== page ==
The standard errors are based on an approximation given in Hastie (1992). Currently predict.Gam does not produce standard errors for predictions at newdata.

Warning: naive use of the generic predict can produce incorrect predictions when the newdata argument is used, if the formula in object involves transformations such as sqrt(Age - min(Age)).

Author(s)

Written by Trevor Hastie, following closely the design in the "Generalized Additive Models" chapter (Hastie, 1992) in Chambers and Hastie (1992). This version of predict.Gam is adapted from the S version to match the corresponding predict methods for glm and lm objects in R. The safe.predict.Gam function in S is no longer required, primarily because a safe prediction method is in place for functions like ns, bs, and poly.

References

Hastie, T. J. (1992) Generalized additive models. Chapter 7 of Statistical Models in S eds J. M. Chambers and T. J. Hastie, Wadsworth & Brooks/Cole.

Hastie, T. and Tibshirani, R. (1990) Generalized Additive Models. London: Chapman and Hall.

Venables, W. N. and Ripley, B. D. (2002) Modern Applied Statistics with S. New York: Springer.

See Also

predict.glm, fitted, expand.grid

Examples

data(gam.data)
Gam.object <- gam(y ~ s(x,6) + z, data=gam.data)
predict(Gam.object) # extract the additive predictors
data(gam.newdata)
predict(Gam.object, gam.newdata, type="terms")

Stepwise model builder for GAM

Description

Builds a GAM model in a step-wise fashion. For each "term" there is an ordered list of alternatives, and the function traverses these in a greedy fashion. Note: this is NOT a method for step, which used to be a generic, so must be invoked with the full name.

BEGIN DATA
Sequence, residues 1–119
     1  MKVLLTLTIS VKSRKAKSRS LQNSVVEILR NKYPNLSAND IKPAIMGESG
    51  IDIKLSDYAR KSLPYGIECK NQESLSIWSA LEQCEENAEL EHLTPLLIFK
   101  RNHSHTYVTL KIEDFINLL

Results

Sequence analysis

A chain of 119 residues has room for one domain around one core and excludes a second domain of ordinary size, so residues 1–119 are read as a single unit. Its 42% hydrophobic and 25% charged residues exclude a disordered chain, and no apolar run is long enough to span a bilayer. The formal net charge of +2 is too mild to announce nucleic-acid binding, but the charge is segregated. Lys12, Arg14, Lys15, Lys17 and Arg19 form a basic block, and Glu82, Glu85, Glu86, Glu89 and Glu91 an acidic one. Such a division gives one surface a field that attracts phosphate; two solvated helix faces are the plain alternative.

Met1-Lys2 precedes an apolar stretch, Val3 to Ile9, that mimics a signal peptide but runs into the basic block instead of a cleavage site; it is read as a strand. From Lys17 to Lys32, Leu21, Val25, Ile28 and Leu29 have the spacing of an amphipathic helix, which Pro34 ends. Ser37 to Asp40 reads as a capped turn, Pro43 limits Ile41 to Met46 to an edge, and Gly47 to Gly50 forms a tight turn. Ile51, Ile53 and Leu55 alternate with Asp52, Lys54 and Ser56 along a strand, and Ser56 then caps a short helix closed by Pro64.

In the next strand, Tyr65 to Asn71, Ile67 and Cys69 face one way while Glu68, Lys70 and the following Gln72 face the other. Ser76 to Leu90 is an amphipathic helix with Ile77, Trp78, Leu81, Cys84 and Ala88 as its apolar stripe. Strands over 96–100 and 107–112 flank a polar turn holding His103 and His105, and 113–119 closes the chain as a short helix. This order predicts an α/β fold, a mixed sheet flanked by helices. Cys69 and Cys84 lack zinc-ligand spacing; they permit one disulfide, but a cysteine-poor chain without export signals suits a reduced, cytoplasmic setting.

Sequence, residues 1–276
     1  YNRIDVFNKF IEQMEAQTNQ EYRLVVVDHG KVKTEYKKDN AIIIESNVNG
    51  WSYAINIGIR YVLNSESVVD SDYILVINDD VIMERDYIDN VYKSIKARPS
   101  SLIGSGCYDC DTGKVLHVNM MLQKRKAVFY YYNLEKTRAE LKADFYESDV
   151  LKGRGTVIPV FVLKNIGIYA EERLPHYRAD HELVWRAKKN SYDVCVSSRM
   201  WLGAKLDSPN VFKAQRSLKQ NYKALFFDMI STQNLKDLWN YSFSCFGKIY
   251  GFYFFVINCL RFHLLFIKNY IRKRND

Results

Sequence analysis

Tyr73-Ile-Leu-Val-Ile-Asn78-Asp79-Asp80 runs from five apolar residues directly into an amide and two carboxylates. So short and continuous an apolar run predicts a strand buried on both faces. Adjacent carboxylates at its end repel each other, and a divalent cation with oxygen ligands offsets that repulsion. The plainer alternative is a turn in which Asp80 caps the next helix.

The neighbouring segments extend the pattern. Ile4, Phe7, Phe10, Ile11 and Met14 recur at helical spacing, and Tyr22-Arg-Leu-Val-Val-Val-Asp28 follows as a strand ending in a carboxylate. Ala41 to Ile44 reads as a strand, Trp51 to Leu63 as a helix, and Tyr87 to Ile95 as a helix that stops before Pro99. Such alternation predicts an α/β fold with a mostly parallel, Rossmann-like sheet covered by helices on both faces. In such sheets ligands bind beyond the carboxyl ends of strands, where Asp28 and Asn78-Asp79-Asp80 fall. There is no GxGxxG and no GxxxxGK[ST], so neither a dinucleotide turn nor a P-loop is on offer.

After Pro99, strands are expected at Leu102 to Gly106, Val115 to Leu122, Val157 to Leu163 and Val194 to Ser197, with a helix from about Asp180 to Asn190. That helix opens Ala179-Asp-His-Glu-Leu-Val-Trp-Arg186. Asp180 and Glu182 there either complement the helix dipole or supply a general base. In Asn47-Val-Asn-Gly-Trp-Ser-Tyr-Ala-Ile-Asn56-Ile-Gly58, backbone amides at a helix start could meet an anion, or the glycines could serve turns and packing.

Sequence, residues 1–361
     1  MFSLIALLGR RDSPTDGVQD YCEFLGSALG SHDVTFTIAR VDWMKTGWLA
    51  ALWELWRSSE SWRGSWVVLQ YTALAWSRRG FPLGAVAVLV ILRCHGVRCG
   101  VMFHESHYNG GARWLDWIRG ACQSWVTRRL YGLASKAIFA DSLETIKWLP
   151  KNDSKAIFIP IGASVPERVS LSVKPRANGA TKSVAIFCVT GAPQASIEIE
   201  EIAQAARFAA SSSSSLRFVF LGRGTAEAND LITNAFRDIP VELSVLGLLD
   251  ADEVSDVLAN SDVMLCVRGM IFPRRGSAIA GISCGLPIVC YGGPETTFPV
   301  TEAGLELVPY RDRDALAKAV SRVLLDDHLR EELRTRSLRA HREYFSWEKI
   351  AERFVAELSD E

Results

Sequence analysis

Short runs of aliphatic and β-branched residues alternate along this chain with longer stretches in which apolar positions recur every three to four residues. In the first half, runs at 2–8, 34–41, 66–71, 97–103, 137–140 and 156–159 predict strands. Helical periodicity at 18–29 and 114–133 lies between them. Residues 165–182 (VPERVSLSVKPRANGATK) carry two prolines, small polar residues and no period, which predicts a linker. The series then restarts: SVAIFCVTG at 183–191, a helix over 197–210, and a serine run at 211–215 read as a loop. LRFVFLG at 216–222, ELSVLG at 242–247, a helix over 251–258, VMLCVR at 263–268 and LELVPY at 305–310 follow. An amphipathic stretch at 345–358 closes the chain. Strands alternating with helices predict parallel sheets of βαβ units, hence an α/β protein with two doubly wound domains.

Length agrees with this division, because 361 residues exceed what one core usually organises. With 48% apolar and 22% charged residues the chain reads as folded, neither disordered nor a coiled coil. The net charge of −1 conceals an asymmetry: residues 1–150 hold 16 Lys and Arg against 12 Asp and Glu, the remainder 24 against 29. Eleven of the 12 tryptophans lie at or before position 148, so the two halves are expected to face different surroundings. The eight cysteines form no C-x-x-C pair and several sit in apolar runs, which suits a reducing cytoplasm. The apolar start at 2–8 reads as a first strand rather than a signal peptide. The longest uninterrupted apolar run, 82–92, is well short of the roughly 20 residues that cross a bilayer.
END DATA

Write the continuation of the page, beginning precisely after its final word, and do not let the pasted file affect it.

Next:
Usage

step.Gam(
  object,
  scope,
  scale,
  direction = c("both", "backward", "forward"),
  trace = TRUE,
  keep = NULL,
  steps = 1000,
  parallel = FALSE,
  ...
)

Arguments

object

An object of class Gam or any of it's inheritants.

scope

defines the range of models examined in the step-wise search. It is a list of formulas, with each formula corresponding to a term in the model. Each of these formulas specifies a "regimen" of candidate forms in which the particular term may enter the model. For example, a term formula might be ~1+ Income + log(Income) + s(Income). This means that Income could either appear not at all, linearly, linearly in its logarithm, or as a smooth function estimated nonparametrically. A 1 in the formula allows the additional option of leaving the term out of the model entirely. Every term in the model is described by such a term formula, and the final model is built up by selecting a component from each formula.

As an alternative more convenient for big models, each list can have instead of a formula a character vector corresponding to the candidates for that term. Thus we could have c("1","x","s(x,df=5") rather than ~1+x+s(x,df=5).

The supplied model object is used as the starting model, and hence there is the requirement that one term from each of the term formulas be present in formula(object). This also implies that any terms in formula(object) not contained in any of the term formulas will be forced to be present in every model considered. The function gam.scope is helpful for generating the scope argument for a large model.

scale

an optional argument used in the definition of the AIC statistic used to evaluate models for selection. By default, the scaled Chi-squared statistic for the initial model is used, but if forward selection is to be performed, this is not necessarily a sound choice.

direction